Lundell, H., J. Niederdeppe, and C. Clarke. 2013. Public views about health causation, attributions of responsibility, and inequality. Journal of Health Communication 18(9):1116–1130.

Lynch, J., and S. Gollust. 2010. Playing fair: Fairness beliefs and health policy preferences in the United States. Journal of Health Policy, Politics and Law 35(6):849–887.

Morgan, S. E., L. Movius, and M. J. Cody. 2009. The power of narratives: The effect of entertainment television organ donation storylines on the attitudes, knowledge, and behaviors of donors and nondonors. Journal of Communication 59(1):135–151.

Movius, L., M. Cody, G. Huang, M. Berkowitz, and S. Morgan. 2007. Motivating television viewers to become organ donors. Cases in Public Health Communication and Marketing. http://publichealth.gwu.edu/departments/pch/phcm/casesjournal/volume1/peer-reviewed/cases_1_08.pdf (accessed March 3, 2015).

Niederdeppe, J., M. A. Shapiro, H. K. Kim, D. Bartolo and N. Porticella. 2014a. Narrative persuasion, causality, complex integration, and support for obesity policy. Health Communication 29(5):431–444.

Niederdeppe, J., S. Gollust, and C. L. Barry. 2014b. Inoculation in competitive framing: Examining message effects on policy preferences. Public Opinion Quarterly 78(3):634–655.

Niederdeppe, J., S. Roh, and C. Dreisbach. 2015. How narrative focus and a statistical map interact to shape health policy support among state legislators. Health Communication.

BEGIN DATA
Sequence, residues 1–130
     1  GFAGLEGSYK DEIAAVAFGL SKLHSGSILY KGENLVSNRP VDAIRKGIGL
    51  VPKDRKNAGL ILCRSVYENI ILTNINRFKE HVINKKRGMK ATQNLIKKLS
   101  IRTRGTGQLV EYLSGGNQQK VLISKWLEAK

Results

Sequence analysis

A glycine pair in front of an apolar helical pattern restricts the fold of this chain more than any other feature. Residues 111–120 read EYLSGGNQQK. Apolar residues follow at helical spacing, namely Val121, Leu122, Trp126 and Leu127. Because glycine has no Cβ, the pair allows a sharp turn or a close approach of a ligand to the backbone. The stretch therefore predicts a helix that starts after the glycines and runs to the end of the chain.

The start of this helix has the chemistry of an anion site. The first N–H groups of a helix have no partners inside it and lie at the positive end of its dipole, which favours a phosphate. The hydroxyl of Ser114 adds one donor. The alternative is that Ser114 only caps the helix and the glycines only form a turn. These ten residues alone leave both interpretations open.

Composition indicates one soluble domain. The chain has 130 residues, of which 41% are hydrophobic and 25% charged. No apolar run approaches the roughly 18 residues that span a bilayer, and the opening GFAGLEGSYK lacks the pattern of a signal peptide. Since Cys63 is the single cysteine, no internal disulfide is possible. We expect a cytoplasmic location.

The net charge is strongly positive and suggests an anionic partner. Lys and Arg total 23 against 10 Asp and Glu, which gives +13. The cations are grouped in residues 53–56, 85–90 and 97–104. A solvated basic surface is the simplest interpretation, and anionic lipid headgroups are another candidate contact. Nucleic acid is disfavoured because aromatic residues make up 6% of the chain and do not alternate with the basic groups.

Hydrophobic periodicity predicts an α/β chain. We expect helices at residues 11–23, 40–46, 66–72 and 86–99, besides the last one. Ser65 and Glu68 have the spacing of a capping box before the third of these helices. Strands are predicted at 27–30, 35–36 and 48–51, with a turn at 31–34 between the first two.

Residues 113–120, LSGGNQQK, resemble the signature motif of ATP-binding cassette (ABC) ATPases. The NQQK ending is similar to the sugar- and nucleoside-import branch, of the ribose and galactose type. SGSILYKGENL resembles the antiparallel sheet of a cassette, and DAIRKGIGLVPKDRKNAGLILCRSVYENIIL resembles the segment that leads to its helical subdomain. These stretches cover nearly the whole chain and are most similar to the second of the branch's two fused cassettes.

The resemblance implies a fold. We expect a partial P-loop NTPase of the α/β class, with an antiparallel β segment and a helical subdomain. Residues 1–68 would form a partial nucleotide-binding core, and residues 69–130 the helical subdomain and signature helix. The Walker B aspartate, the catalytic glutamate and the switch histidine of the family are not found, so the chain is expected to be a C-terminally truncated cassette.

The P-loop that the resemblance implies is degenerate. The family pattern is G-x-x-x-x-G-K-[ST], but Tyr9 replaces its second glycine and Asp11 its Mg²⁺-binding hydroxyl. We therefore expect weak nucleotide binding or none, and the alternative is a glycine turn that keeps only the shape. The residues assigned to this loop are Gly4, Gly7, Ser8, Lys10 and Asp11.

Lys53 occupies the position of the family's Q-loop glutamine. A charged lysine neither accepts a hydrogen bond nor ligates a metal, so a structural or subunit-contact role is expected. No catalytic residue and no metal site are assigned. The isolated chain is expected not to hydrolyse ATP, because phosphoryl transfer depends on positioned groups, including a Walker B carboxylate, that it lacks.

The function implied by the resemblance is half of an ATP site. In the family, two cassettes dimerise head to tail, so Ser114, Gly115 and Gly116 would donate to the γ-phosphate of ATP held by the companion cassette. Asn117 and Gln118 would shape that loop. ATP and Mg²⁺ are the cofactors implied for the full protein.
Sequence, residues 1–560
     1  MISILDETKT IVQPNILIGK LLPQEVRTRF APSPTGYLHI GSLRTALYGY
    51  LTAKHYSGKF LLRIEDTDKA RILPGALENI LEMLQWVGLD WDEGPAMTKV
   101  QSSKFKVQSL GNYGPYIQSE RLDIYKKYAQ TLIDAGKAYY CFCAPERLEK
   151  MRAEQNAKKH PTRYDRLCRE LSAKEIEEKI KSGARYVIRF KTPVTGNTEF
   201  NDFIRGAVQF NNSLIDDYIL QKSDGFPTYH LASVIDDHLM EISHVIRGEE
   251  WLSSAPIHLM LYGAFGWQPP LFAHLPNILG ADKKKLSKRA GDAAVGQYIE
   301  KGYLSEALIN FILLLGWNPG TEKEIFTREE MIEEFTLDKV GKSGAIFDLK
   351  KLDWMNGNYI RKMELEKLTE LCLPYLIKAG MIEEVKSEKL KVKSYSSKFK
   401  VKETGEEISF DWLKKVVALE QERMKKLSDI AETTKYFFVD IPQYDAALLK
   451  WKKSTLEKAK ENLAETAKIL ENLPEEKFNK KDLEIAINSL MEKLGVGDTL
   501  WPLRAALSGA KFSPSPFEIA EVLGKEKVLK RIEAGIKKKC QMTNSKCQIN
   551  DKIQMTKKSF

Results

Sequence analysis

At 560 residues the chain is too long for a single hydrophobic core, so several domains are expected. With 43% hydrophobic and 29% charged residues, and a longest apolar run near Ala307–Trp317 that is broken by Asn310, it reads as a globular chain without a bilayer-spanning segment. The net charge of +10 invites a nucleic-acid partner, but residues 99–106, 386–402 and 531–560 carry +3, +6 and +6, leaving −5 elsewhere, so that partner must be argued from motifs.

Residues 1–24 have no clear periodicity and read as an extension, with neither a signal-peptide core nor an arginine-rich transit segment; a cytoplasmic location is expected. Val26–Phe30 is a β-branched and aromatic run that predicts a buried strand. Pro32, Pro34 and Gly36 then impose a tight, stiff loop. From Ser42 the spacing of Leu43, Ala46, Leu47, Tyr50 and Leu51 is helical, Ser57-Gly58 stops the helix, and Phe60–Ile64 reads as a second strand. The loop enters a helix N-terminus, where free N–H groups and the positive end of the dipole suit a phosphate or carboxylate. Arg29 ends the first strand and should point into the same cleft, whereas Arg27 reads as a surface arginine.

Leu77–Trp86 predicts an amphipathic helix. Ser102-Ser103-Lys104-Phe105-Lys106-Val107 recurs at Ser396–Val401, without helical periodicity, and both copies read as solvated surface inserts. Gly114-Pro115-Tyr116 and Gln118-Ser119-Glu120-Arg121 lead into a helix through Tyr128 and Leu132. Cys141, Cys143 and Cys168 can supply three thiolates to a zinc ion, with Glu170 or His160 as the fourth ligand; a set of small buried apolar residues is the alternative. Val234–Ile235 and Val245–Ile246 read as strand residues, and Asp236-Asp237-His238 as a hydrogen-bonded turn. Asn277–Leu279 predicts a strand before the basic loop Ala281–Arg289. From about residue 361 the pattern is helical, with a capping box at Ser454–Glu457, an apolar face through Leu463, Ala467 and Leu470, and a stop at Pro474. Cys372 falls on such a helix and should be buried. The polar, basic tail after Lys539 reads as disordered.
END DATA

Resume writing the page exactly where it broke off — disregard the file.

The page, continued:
Rigby, E., J. Soss, B. C. Booske, A. M. K. Rohan, and S. A. Robert. 2009. Public responses to health disparities: How group cues influence support for government intervention. Social Science Quarterly 90(5):1321–1340.

Robert, S. A., and B. C. Booske. 2011. U.S. opinions on health determinants and social policy as health policy. American Journal of Public Health 101(9):1655–1663. http://www.ncbi.nlm.nih.gov/pmc/articles/PMC3154244 (accessed January 5, 2015).

Wallington, S. F., K. D. Blake, K. Taylor–Clark, and K. Viswanath. 2010. Challenges in covering health disparities in local news media: An exploratory analysis assessing views of journalists. Journal of Community Health 35(5):487–494.

Suggested Citation:"Appendix A: References." Institute of Medicine. 2015. Communicating to Advance the Public's Health: Workshop Summary. Washington, DC: The National Academies Press. doi: 10.17226/21694.
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Page 67
Suggested Citation:"Appendix A: References." Institute of Medicine. 2015. Communicating to Advance the Public's Health: Workshop Summary. Washington, DC: The National Academies Press. doi: 10.17226/21694.
×
Page 68
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The Institute of Medicine's Roundtable on Population Health Improvement brings together individuals and organizations that represent different sectors in a dialogue about what is needed to improve population health. On September 22, 2014, the roundtable held a workshop to discuss some of the science of health communication, audiences, and messaging, and to explore what it will take to generate widespread awareness, acceptance, and action to improve health, including through the entertainment media, the news media, and social media. This report summarizes the presentations and discussion of the workshop.